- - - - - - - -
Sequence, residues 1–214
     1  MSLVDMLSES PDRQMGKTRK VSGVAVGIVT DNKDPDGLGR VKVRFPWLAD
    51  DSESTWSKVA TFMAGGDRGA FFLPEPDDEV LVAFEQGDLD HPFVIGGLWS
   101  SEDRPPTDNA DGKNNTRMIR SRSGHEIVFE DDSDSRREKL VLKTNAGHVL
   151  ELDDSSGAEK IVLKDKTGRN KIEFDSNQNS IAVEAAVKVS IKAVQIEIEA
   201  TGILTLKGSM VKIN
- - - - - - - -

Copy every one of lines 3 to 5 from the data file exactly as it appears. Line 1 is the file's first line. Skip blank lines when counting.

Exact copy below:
    51  DSESTWSKVA TFMAGGDRGA FFLPEPDDEV LVAFEQGDLD HPFVIGGLWS
   101  SEDRPPTDNA DGKNNTRMIR SRSGHEIVFE DDSDSRREKL VLKTNAGHVL
   151  ELDDSSGAEK IVLKDKTGRN KIEFDSNQNS IAVEAAVKVS IKAVQIEIEA